Re: Re: Welcome to Ireland’s ugly urban sprawl

Home Forums Ireland Welcome to Ireland’s ugly urban sprawl Re: Re: Welcome to Ireland’s ugly urban sprawl


quite an interesting thread which i must print out to read for the bus trip home.

my 2 cents. its easy for some people here to see what is and what has happened to the irish landscape and irish standard of living since the celtic tiger consumed all our lives and conversation. i still remember the days when property prices and its associated greed didn’t enter the conversation.
i never actually noticed before the mcmansions been built, the exposed houses on hilltops, the dvd roundabout 3 bed estates, the polished pvc windows on cottages and terraces until i went abroad for a number of years and returned this year to this country. its only when you are exposed to other cultures do you really see that like a flash gold encrusted necklace hanging around a pimps neck sometimes its too easy to spend money.

the article as written in the guardian is very true. unfortunatly too much harm has been done to the countryside to rectify it now. once you build a house it is there to stay for at least 100 years. and thats that. the one change that i can see (just because i am fammilar with the area) happening is a rediscovery of northside dublin therefore transforming this forgotten area into a old world treasure. by that time, taste and common sense will have prevailed thereby retaining its existing character of redbrick terraces.

i hate being a pessimist but i sure hope that the boom does not bust but if is does those travelling 2/3 hours commutes from soul-less negative equity estates will realise what a mess we have built. the only worthwile memento from the years of consumerism will be a simple spike on connell street.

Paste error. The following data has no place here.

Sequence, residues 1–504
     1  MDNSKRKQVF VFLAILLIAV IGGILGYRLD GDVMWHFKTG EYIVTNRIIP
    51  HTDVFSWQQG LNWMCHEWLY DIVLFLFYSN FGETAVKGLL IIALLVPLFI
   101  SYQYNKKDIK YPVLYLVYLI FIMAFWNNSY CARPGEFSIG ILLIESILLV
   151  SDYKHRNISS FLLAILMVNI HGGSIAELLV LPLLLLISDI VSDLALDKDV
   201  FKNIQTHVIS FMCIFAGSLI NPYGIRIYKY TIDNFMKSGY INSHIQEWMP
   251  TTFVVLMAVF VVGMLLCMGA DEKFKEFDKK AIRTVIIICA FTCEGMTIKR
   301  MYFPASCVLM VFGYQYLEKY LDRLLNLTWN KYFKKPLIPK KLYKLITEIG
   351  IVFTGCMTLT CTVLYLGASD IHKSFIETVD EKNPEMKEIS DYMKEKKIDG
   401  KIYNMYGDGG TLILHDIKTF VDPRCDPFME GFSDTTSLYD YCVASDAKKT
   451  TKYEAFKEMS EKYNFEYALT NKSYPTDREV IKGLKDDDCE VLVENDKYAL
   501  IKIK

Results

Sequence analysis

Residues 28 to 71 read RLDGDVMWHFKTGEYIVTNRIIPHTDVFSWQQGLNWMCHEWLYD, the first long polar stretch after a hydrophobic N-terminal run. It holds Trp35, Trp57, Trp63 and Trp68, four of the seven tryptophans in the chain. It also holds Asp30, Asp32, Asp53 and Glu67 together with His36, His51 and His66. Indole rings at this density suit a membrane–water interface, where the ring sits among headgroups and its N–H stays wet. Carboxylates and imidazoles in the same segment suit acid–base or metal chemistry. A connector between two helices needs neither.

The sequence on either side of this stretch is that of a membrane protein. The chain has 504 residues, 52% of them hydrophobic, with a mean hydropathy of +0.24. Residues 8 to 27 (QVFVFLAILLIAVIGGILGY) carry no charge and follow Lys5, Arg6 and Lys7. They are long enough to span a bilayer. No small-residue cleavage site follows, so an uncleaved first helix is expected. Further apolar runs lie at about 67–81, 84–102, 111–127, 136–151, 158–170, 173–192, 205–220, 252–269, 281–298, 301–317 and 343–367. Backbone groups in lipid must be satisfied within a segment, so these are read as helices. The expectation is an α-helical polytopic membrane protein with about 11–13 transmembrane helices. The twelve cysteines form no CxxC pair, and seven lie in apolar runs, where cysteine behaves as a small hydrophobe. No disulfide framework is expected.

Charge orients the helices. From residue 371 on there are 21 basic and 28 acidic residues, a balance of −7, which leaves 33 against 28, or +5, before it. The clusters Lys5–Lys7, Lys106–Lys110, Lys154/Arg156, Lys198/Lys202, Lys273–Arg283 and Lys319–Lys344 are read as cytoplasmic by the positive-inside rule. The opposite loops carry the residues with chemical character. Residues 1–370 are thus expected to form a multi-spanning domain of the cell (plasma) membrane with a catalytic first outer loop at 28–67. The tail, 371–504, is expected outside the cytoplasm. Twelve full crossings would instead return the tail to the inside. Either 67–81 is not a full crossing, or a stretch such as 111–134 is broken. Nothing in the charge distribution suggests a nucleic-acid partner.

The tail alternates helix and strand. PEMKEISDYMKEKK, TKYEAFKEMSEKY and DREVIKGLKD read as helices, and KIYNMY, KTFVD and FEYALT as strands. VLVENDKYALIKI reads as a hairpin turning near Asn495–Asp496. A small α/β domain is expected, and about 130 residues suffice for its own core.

@Lotts wrote:

The article had it right. Planning in this country is a shambles. The path of development we are on signifies a crass, ignorant and selfish society with no ideals left to aspire to.

Recently I was on a flight over Germany and was (as always) fascinated at the landscape, with rural towns and villages composed of clusters of buildings and the surrounding fields almost entirely unbroken until the next town. Down on the ground the high quality local roads that run between villages do not have houses along them and are all the better for that. Driving is a pleasure, driving through beautiful farmland scenery unspoilt by mcmansion after mcmansion and the associated gates and entrances.

At night the roads are not all floodlight the way they are here as the cars have headlights on them and people use these to see the way. So even though a motorway may be not far away you can still see the night sky. Which is nice. Something that we don’t have anymore in the city of Dublin, but something you should be able to expect if you are in the countryside.

The German use of land just seems so much more intelligent – and of course this is not limited to Germany. I noticed the same thing flying over the Netherlands – and this an area that we learnt of in school as being nearly all one big “conurbation” (and I remember thinking as we learnt this that god the dutch ruined their country!)

On a slightly positive point I’ve also noted that Ireland when seen from the air is not a total write off and there are very large areas that can of course be seen as rural. This may be what stira has in mind when saying that outside of Dublin there is nothing but countryside. The problem that you will see however is that every road in Ireland is a ribbon of development on both sides. And anywhere there’s a view it is spoilt by one off housing or holiday ‘vilages’. The result is that as you travel through Ireland outside of Dublin you find it increasingly difficult to experience the countryside. All the places that are accessible have been spoilt (not developed – spoilt). This did not need to be so and we could have looked to other countrys for example and plan development towards what we want or at the very least avoided the many obvious mistakes.

FIN – developer may well be driven by profit, but the market is not the only factor he needs to consider – he needs to address the regulatory framework he operates in and the law of the land. The sums are indeed skewed towards building crap inthe wrong place. This is where planning fits in and is where we are being let down with permanent damage to our counrty.

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